Section6.2Lagrange's Theorem

We first show that the map $$\phi$$ is one-to-one. Suppose that $$\phi(h_1) = \phi(h_2)$$ for elements $$h_1, h_2 \in H\text{.}$$ We must show that $$h_1 = h_2\text{,}$$ but $$\phi(h_1) = gh_1$$ and $$\phi(h_2) = gh_2\text{.}$$ So $$gh_1 = gh_2\text{,}$$ and by left cancellation $$h_1= h_2\text{.}$$ To show that $$\phi$$ is onto is easy. By definition every element of $$gH$$ is of the form $$gh$$ for some $$h \in H$$ and $$\phi(h) = gh\text{.}$$

The group $$G$$ is partitioned into $$[G : H]$$ distinct left cosets. Each left coset has $$|H|$$ elements; therefore, $$|G| = [G : H] |H|\text{.}$$

Let $$g$$ be in $$G$$ such that $$g \neq e\text{.}$$ Then by Corollary 6.11, the order of $$g$$ must divide the order of the group. Since $$|\langle g \rangle| \gt 1\text{,}$$ it must be $$p\text{.}$$ Hence, $$g$$ generates $$G\text{.}$$

Corollary 6.12 suggests that groups of prime order $$p$$ must somehow look like $${\mathbb Z}_p\text{.}$$

Observe that

\begin{equation*} [G:K] = \frac{|G|}{|K|} = \frac{|G|}{|H|} \cdot \frac{|H|}{|K|} = [G:H][H:K]\text{.} \end{equation*}
Remark6.14.The converse of Lagrange's Theorem is false.

The group $$A_4$$ has order $$12\text{;}$$ however, it can be shown that it does not possess a subgroup of order $$6\text{.}$$ According to Lagrange's Theorem, subgroups of a group of order $$12$$ can have orders of either $$1\text{,}$$ $$2\text{,}$$ $$3\text{,}$$ $$4\text{,}$$ or $$6\text{.}$$ However, we are not guaranteed that subgroups of every possible order exist. To prove that $$A_4$$ has no subgroup of order $$6\text{,}$$ we will assume that it does have such a subgroup $$H$$ and show that a contradiction must occur. Since $$A_4$$ contains eight $$3$$-cycles, we know that $$H$$ must contain a $$3$$-cycle. We will show that if $$H$$ contains one $$3$$-cycle, then it must contain more than $$6$$ elements.

Since $$[A_4 : H] = 2\text{,}$$ there are only two cosets of $$H$$ in $$A_4\text{.}$$ Inasmuch as one of the cosets is $$H$$ itself, right and left cosets must coincide; therefore, $$gH = Hg$$ or $$g H g^{-1} = H$$ for every $$g \in A_4\text{.}$$ Since there are eight $$3$$-cycles in $$A_4\text{,}$$ at least one $$3$$-cycle must be in $$H\text{.}$$ Without loss of generality, assume that $$(1 \, 2 \, 3)$$ is in $$H\text{.}$$ Then $$(1 \, 2 \, 3)^{-1} = (1 \, 3 \, 2)$$ must also be in $$H\text{.}$$ Since $$g h g^{-1} \in H$$ for all $$g \in A_4$$ and all $$h \in H$$ and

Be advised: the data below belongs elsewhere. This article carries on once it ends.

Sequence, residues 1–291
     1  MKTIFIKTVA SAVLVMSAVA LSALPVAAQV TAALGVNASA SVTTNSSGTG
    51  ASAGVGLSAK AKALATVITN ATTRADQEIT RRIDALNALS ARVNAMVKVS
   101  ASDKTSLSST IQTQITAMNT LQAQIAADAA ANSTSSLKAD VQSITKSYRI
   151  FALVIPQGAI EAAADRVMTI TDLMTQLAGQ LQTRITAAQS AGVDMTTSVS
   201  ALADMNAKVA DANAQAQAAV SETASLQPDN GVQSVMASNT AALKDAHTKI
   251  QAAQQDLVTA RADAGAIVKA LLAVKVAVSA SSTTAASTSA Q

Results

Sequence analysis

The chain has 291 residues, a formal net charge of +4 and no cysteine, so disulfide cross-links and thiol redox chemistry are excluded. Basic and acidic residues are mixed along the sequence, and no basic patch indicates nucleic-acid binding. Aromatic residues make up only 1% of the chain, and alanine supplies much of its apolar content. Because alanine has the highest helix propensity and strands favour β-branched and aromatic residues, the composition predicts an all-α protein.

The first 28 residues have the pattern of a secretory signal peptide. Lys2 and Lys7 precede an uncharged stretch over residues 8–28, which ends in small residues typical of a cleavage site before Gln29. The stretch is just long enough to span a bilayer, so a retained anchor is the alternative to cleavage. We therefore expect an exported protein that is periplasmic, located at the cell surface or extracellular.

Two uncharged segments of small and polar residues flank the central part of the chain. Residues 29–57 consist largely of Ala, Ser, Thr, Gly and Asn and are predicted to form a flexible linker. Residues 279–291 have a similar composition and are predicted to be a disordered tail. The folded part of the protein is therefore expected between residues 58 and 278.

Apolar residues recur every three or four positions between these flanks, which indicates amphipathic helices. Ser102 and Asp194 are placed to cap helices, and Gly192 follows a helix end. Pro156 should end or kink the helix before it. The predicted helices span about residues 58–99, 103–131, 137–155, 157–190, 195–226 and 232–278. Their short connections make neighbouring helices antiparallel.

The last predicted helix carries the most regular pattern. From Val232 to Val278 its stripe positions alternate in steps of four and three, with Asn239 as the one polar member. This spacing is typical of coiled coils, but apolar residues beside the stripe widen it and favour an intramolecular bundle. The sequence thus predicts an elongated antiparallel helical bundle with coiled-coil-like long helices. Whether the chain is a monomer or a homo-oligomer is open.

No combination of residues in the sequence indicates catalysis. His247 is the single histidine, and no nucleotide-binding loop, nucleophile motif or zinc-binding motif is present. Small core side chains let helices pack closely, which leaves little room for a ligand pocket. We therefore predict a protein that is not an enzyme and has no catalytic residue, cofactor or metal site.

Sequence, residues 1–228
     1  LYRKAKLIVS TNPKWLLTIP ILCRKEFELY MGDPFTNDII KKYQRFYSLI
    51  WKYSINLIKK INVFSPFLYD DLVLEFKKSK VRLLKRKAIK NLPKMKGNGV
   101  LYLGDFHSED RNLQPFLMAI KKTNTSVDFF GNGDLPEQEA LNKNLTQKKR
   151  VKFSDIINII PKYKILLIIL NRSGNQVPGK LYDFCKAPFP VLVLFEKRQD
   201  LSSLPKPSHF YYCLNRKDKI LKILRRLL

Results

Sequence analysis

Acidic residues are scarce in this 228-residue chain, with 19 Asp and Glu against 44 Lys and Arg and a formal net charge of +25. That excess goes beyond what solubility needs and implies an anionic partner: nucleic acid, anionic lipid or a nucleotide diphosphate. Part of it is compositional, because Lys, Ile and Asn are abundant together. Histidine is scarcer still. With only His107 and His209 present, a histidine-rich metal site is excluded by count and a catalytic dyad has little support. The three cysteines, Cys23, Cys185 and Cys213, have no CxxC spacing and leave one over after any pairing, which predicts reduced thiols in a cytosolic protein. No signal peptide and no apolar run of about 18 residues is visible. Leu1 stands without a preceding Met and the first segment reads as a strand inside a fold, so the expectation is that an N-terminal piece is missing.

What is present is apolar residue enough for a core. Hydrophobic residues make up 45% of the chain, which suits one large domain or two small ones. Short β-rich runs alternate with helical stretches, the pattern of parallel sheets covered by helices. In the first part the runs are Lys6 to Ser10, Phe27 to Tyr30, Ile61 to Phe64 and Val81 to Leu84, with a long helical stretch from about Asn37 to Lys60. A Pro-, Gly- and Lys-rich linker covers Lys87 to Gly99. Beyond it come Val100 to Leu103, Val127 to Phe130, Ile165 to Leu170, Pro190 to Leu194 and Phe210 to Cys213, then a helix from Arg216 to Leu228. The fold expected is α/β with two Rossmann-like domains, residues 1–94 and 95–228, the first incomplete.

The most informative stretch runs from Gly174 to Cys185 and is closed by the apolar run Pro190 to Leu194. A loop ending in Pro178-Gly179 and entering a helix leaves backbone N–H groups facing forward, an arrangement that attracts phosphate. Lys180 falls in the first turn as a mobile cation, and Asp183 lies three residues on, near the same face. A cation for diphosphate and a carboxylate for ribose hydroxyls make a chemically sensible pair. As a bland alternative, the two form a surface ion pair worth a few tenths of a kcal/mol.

\begin{align*} (1 \, 2 \, 4)(1 \, 2 \, 3)(1 \, 2 \, 4)^{-1} & = (1 \, 2 \, 4)(1 \, 2 \, 3)(1 \, 4 \, 2) = (2 \, 4 \, 3)\\ (2 \, 4 \, 3)(1 \, 2 \, 3)(2 \, 4 \, 3)^{-1} & = (2 \, 4 \, 3)(1 \, 2 \, 3)(2 \, 3 \, 4) = (1 \, 4 \, 2) \end{align*}

we can conclude that $$H$$ must have at least seven elements

\begin{equation*} (1), (1 \, 2 \, 3), (1 \, 3 \, 2), (2 \, 4 \, 3), (2 \, 4 \, 3)^{-1} = (2 \, 3 \, 4), (1 \, 4 \, 2), (1 \, 4 \, 2)^{-1} = (1 \, 2 \, 4)\text{.} \end{equation*}

Therefore, $$A_4$$ has no subgroup of order $$6\text{.}$$

In fact, we can say more about when two cycles have the same length.

Suppose that

\begin{align*} \tau & = (a_1, a_2, \ldots, a_k )\\ \mu & = (b_1, b_2, \ldots, b_k )\text{.} \end{align*}

Define $$\sigma$$ to be the permutation

\begin{align*} \sigma( a_1 ) & = b_1\\ \sigma( a_2 ) & = b_2\\ & \vdots\\ \sigma( a_k ) & = b_k\text{.} \end{align*}

Then $$\mu = \sigma \tau \sigma^{-1}\text{.}$$

Conversely, suppose that $$\tau = (a_1, a_2, \ldots, a_k )$$ is a $$k$$-cycle and $$\sigma \in S_n\text{.}$$ If $$\sigma( a_i ) = b$$ and $$\sigma( a_{(i \bmod k) + 1}) = b'\text{,}$$ then $$\mu( b) = b'\text{.}$$ Hence,

\begin{equation*} \mu = ( \sigma(a_1), \sigma(a_2), \ldots, \sigma(a_k) )\text{.} \end{equation*}

Since $$\sigma$$ is one-to-one and onto, $$\mu$$ is a cycle of the same length as $$\tau\text{.}$$